A new policy at a religious university in the US directing scholars to avoid teaching “erotic” or “graphic” material has reignited a debate over how faith institutions can reconcile their spiritual values with academic freedom.
Cedarville University, a private institution in Ohio, implemented its “biblically consistent curriculum policy” earlier this year.
It tells faculty that material that is “clearly pornographic, erotic, obscene, or graphic must be avoided”; dramatic “scripts with swearing must be avoided or modified”; and “as a general rule, ‘R’ rated movies [which require those under the age of 17 to be accompanied by an adult] will not be shown”.
“Plays with morals or teachings that run counter to the scriptural standard should be evaluated for what value they bring to the campus,” the policy adds.
Cedarville’s policy states that the guidelines are “not designed to restrict the free discussion of ideologies, philosophies, or schools of thought that may or may not run counter to biblical truth. Rather, this policy is focused on images, movies, songs, plays, or writing that may be considered ‘adult’ in nature, that represent immorality, or that may be a stumbling block to students.”
The new code is seen as the latest example of the university’s increasingly conservative approach since its current administration took over in 2013.
Carl Ruby, former vice-president for student affairs, left the institution after 30 years just months before current president Thomas White took the helm in July 2013. Dr Ruby, who said that he had attracted criticism from colleagues for “bringing in speakers who were not necessarily Republicans”, claimed that the new policy had been announced after high school students who took online courses at the university complained that some of the material “didn’t line up with a very conservative Christian viewpoint”.
While he admitted that “there have always been limits on academic freedom at Cedarville”, he said that the new policy has “tightened that significantly, to [a point] where a handful of very conservative faculty [are] exerting control over the rest of faculty” in terms of “monitoring and approving what is being taught in the classroom”.
“Faculty are terrified of losing their jobs,” he added.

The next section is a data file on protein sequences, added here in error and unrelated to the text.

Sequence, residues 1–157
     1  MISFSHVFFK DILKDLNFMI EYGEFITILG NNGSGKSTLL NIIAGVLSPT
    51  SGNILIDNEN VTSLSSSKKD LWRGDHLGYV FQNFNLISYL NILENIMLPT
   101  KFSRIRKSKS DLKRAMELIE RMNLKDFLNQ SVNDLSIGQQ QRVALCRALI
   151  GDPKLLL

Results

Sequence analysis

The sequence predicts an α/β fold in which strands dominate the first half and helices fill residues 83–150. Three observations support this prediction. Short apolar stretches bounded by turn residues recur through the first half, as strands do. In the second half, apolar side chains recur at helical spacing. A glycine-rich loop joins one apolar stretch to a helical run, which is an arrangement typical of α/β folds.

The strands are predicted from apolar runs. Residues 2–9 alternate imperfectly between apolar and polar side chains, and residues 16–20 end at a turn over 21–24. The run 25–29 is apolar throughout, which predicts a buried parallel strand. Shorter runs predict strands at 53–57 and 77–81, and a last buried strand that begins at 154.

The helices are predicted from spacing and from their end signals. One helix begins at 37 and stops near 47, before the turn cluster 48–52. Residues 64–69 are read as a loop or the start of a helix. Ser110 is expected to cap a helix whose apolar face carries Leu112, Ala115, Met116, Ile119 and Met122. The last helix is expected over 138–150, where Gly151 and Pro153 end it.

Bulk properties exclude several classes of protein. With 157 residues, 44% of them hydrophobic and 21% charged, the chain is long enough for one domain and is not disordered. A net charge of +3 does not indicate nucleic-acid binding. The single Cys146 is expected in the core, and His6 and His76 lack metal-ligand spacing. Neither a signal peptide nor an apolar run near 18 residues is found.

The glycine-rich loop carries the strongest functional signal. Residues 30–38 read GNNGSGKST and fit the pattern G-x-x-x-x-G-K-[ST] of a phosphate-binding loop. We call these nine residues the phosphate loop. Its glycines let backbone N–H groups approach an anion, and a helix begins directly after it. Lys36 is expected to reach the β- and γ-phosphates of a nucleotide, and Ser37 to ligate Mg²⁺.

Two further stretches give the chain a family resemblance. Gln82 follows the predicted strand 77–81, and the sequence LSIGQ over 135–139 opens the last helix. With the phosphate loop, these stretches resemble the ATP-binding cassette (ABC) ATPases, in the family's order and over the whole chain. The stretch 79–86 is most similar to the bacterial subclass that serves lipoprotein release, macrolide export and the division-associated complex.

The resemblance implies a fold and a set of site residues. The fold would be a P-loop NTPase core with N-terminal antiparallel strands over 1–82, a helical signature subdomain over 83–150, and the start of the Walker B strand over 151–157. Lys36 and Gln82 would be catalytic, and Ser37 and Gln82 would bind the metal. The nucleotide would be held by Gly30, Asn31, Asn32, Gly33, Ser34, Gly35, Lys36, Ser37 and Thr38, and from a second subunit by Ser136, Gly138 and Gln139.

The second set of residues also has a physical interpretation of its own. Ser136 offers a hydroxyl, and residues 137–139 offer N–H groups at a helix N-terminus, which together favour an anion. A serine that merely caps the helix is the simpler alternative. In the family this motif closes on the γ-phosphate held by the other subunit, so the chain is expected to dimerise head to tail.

Mike Lopez, former professor of communication and member of the faculty committee, which acts as a liaison between staff and the administration, resigned in May after 34 years, citing “family reasons”.
“I know of some faculty in the humanities who are afraid because of the surveillance that they feel they are under,” he said. “When the assumption is made that anything ‘R’ rated must be approved by a department chair or dean for fear of injuring students, it hobbles the faculty’s ability to train professionals in the field of humanities.”
John Fea, chair of the history department at Messiah College, a private Christian institution in Pennsylvania, has written about Cedarville’s policy on his personal blog. He said that the new curriculum “confuses education with indoctrination”.
Times Higher Education contacted several academics who are currently based at Cedarville, seeking their views on the new policy.
Mark C. Smith, chair of the department of history and government, was one of the few who responded.
“The policy has no impact on our political science instruction or offerings. We are free to explore the universe of ideas with our students, and we pursue and examine arguments that are both consistent with or at odds with a biblical view of the world,” he said.
Naomi Harward, a journalism student at Cedarville, added that although there had been a “massive outcry about the policy when it was first leaked last semester”, she had not “heard any complaints that it is restricting or inhibiting anyone” since it was implemented.
Michael Poliakoff is president of the American Council of Trustees and Alumni, a non-profit organisation that aims to support liberal arts education, uphold high academic standards and safeguard academic freedom.
He said that the “freedom for private institutions to be able to pursue a lifestyle and worldview that is in keeping with their particular creed” must be “balanced” against “the importance of the liberal arts, which flourish in a context of a maximum freedom of enquiry, and the recognition that discomfort in learning is a very important part of preparation for the turbulent world that we inhabit”.
But he said that this was not an issue that only “conservative Christian colleges” have to contend with. “There is a great irony in that we’ve got secular institutions that are now contemplating putting trigger warnings” on sensitive material, he said.
Tom Mach, Cedarville's vice-president for academics, said students at the institution are “exposed to all worldviews” and “the large majority of our faculty support the policy”.
“Private religious institutions have the prerogative to establish parameters in their curriculum and have since the earliest days of education in America,” he said.
“If we restrict material that is prurient, material that is demeaning to women, or material that is overtly graphic or obscene, we do not believe that restricts academic freedom.”